When you click on Credentials, you will see the Browse option. Click on it and browse to the .ppk file that you saved earlier.
When you hit Accept, you will see a new black window open on your system. This is where you can run all of your Linux commands.
Now you need to log in as ec2-user. For Amazon Linux 2 or the Amazon Linux AMI, the username is ec2-user.
See, you have logged in as the ec2-user.
To run commands as the root user, you can switch users by using the
sudo su command. The root user has full permissions on the system. It is important to use this command with caution, because any changes made as root user can have a significant impact on the system.
The prompt has changed from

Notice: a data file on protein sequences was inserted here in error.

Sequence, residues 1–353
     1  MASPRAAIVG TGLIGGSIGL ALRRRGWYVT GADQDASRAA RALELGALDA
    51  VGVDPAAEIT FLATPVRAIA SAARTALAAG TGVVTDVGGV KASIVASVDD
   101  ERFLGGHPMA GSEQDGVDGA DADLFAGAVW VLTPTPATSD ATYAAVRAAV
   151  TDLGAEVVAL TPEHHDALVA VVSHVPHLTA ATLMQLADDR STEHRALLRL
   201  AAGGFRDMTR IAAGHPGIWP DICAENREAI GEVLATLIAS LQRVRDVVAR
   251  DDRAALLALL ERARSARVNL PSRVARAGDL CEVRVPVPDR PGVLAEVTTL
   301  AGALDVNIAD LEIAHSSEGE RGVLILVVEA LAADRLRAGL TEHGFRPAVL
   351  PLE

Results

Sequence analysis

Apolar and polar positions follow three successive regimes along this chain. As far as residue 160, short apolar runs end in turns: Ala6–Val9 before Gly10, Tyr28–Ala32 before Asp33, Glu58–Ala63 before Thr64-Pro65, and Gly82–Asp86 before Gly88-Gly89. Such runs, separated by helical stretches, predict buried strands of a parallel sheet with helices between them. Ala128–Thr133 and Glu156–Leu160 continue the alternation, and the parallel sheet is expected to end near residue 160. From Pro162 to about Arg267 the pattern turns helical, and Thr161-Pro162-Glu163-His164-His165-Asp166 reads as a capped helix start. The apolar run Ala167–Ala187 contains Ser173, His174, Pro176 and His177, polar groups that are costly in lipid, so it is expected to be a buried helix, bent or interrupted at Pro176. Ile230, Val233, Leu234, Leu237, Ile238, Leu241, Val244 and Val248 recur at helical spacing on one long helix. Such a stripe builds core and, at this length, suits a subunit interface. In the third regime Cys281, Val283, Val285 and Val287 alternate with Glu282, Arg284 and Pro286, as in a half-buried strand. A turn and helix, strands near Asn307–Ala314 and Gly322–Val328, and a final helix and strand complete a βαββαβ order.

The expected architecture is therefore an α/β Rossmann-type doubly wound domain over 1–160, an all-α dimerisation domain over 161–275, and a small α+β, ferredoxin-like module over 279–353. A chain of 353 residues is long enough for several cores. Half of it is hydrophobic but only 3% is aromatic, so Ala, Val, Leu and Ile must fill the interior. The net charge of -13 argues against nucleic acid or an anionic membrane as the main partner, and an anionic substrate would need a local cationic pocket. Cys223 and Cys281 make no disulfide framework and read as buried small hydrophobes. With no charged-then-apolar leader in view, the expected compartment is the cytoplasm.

#. This shows that you are now a root user and you can run any command without any additional privileges.
Congratulations! Your Linux machine is now ready to use.
How to Terminate or Stop an Instance
Terminating an instance means deleting the instance and all of its associated data. You cannot recover a terminated instance.
Stopping an instance means moving the instance to the stopped state, where it can be restarted later.
To terminate or stop an instance on AWS:
- Go to the Amazon EC2 console.
- In the navigation pane, choose Instances.
- Select the instance that you want to terminate.
- Choose Instance State, then Terminate or Stop Instance.
- In the confirmation dialog box, choose Terminate or Stop.
In this article, we looked at how create an AWS instance and use PuTTY and PuTTYgen to launch a remote Linux machine. In future articles, I will talk more about Linux commands in more detail.